Why You Need to Create a Google Analytics 4 Property—Fast

Why You Need to Create a Google Analytics 4 Property—Fast

Every so often, a big announcement rocks the digital marketing world.

Google made one such announcement earlier this spring.

Its ubiquitous tool, Universal Analytics—used by marketers and businesses around the globe to track everything from basic web traffic to hyper-focused user behavior—would be going away.

In its place, a powerful new version: Google Analytics 4.


What is Google Analytics 4?

Google Analytics has been around for more than a decade—why change now?

Over the years, Google has updated its Google Analytics tool several times to continue meeting business demands and provide better insights for users. Universal Analytics is the third version of the tool, and as the name suggests, Google Analytics 4 is the fourth.

In its recent announcement, Google shared several reasons for introducing its newest data collection tool to keep up with the changing business, privacy and technological landscapes.

One the main reasons behind the new Google Analytics iteration is flexibility. Universal Analytics was created when most internet browsing was done on desktop computers. Google Analytics 4 will allow companies to track users across devices and mobile apps.

Another main reason for the update is, of course, evolving privacy laws. Last year, Google Chrome announced it would stop supporting third-party cookies, a historically valuable tool in monitoring what users do on the web. Google Analytics 4 is able to track website traffic with and without cookies, and use machine learning to fill in any gaps.


So, what’s the rush? Why do I need to set up a GA4 property now?

Google originally introduced Google Analytics 4 in October 2020, allowing users to slowly begin getting used to the new tool. But recently, Google announced it would sunset Universal Analytics in 2023.

On July 1, 2023, all standard Universal Analytics properties will stop processing new data. Sure, that’s more than a year from now—but if companies want to be able to accurately compare year-over-year data, they need to have Google Analytics 4 properties set up by July 1, 2022.

And that means you only have a couple months to do it.

(A quick note: Universal Analytics 360 properties will have an additional three months of new hit processing. If you have a Universal Analytics property using 360, it will stop processing new data on October 1, 2023.)


How is GA4 different from Universal Analytics?

Universal Analytics uses cookies to track data by sessions. Sessions start when a visitor opens a site, and end 30 minutes after the visitor becomes inactive.

Google Analytics 4, on the other hand, uses event tracking, so that each interaction on a website is processed as a standalone event. Instead of using only cookies, GA4 uses multiple identity spaces, or types of identifiers, including device IDs and Google Signals—session data collected while Google users who have turned on Ads Personalization are signed in to their Google accounts.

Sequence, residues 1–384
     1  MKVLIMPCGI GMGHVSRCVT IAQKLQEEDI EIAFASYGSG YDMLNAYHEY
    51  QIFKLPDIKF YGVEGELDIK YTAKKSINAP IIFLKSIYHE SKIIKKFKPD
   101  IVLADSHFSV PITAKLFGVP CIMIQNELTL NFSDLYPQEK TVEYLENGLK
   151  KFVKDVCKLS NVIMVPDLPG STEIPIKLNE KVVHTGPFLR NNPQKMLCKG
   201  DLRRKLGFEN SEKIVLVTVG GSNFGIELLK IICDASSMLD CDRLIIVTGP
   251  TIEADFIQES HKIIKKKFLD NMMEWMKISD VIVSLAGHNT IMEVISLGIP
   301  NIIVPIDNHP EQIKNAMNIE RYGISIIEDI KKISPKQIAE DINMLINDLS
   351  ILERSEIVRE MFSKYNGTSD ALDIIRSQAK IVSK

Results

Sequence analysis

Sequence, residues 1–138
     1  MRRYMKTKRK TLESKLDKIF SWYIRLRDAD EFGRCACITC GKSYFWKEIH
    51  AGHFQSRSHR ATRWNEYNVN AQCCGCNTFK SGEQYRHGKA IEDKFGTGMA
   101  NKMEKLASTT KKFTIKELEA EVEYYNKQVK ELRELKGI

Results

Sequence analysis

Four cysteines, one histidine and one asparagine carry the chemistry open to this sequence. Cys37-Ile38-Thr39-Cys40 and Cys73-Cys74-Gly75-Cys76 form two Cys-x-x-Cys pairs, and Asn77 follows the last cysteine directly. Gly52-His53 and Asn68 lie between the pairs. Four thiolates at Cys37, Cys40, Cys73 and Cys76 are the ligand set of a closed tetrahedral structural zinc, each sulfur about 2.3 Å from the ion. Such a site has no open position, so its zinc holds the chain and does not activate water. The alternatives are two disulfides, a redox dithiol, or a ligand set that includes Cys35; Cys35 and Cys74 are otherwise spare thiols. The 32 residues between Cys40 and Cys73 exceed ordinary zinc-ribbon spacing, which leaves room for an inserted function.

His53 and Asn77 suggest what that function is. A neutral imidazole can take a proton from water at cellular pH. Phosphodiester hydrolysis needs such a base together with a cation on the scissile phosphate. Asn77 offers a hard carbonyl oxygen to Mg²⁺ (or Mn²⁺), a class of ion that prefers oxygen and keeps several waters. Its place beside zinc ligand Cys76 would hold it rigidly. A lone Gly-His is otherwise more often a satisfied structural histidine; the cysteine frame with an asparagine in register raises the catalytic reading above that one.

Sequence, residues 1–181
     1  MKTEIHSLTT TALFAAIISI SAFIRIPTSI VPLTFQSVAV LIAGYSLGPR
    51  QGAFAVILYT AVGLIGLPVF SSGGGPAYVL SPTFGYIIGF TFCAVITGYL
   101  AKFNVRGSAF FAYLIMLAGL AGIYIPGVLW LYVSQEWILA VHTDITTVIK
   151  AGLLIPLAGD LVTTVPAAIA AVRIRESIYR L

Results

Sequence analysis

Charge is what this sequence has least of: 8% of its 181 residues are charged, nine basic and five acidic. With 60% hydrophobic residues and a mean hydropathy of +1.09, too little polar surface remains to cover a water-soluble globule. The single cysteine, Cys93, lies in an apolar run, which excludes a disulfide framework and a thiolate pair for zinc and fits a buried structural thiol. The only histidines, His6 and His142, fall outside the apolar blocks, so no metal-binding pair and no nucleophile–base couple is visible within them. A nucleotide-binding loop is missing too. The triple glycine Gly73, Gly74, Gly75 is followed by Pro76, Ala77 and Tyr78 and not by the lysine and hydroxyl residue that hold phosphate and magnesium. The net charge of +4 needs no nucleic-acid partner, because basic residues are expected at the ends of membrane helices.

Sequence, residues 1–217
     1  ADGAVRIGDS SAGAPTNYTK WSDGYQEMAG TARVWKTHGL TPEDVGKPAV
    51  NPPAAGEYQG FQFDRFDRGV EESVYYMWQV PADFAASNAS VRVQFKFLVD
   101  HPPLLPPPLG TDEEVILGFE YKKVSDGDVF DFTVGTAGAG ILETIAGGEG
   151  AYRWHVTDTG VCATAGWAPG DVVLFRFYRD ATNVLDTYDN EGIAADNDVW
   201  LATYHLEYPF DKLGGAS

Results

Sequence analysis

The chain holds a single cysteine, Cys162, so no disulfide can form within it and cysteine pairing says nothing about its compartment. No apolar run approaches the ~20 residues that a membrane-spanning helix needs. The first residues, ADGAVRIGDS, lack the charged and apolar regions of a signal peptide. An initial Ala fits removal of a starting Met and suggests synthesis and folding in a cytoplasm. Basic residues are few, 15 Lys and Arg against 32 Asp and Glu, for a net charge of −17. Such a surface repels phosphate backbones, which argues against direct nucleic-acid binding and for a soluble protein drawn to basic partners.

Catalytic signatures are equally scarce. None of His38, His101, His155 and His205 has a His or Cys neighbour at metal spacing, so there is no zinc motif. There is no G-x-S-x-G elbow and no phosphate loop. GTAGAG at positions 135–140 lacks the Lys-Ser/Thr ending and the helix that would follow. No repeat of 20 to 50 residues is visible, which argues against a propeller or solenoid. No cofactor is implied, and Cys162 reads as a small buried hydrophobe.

Google Analytics 4 also uses data streams, which allow businesses to connect a website, iOS app and Android app to the same property. Because of this, and its additional identifiers, Google Analytics 4 can track the user journey more accurately. For example, a user who visits a company’s website before switching over to its app will only be tracked as one user on Google Analytics 4 instead of two users as it would be tracked on Universal Analytics.

There are several more unique aspects about Google Analytics 4 and the data it collects—enough so that Google has written extensive articles around the differences. But for now, all you need to focus on is setting up a new Google Analytics property using GA4.

According to Search Engine Journal, “The new Google Analytics 4 property provides a more complete cross-channel view of the customer lifecycle and puts that information to use with predictive marketing features, providing marketers with more information and efficient ways to act on those insights.”

It’s an intriguing promise. Ready to get started?


Setting up a GA4 property (spoiler alert: it’s not that different from setting up a Universal Analytics property)

When a user opens their Google Analytics account and navigates to the Admin screen, the default option to set up a new property is now GA4 property.

Assuming you already have an existing Universal Analytics property, setting up a GA4 property should be fairly easy. Tag installation is the same whether your site uses a global site tag (or gtag.js) or Google Tag Manager container.

1. Ensure you have Editor access to the account you’re trying to use. Then, in Google Analytics, click the Admin option with the gear icon in the lower left corner.

2. If you only have access to one Google Analytics account, skip this step. If you have multiple Google Analytics accounts, select the right account in the Account column.